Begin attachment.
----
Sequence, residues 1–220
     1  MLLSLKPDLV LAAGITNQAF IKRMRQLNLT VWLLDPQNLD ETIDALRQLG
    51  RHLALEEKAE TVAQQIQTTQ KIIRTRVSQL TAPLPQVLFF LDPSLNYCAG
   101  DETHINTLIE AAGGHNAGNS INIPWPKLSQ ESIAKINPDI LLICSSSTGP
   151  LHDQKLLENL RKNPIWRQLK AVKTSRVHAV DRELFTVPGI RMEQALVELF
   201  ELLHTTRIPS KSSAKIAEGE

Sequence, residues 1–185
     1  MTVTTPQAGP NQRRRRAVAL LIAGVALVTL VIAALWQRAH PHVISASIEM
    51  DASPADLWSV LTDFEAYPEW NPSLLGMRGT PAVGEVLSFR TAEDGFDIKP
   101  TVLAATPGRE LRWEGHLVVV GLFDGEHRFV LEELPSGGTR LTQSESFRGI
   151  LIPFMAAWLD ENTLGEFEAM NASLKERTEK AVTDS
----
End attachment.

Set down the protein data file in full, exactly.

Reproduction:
Sequence, residues 1–220
     1  MLLSLKPDLV LAAGITNQAF IKRMRQLNLT VWLLDPQNLD ETIDALRQLG
    51  RHLALEEKAE TVAQQIQTTQ KIIRTRVSQL TAPLPQVLFF LDPSLNYCAG
   101  DETHINTLIE AAGGHNAGNS INIPWPKLSQ ESIAKINPDI LLICSSSTGP
   151  LHDQKLLENL RKNPIWRQLK AVKTSRVHAV DRELFTVPGI RMEQALVELF
   201  ELLHTTRIPS KSSAKIAEGE

Sequence, residues 1–185
     1  MTVTTPQAGP NQRRRRAVAL LIAGVALVTL VIAALWQRAH PHVISASIEM
    51  DASPADLWSV LTDFEAYPEW NPSLLGMRGT PAVGEVLSFR TAEDGFDIKP
   101  TVLAATPGRE LRWEGHLVVV GLFDGEHRFV LEELPSGGTR LTQSESFRGI
   151  LIPFMAAWLD ENTLGEFEAM NASLKERTEK AVTDS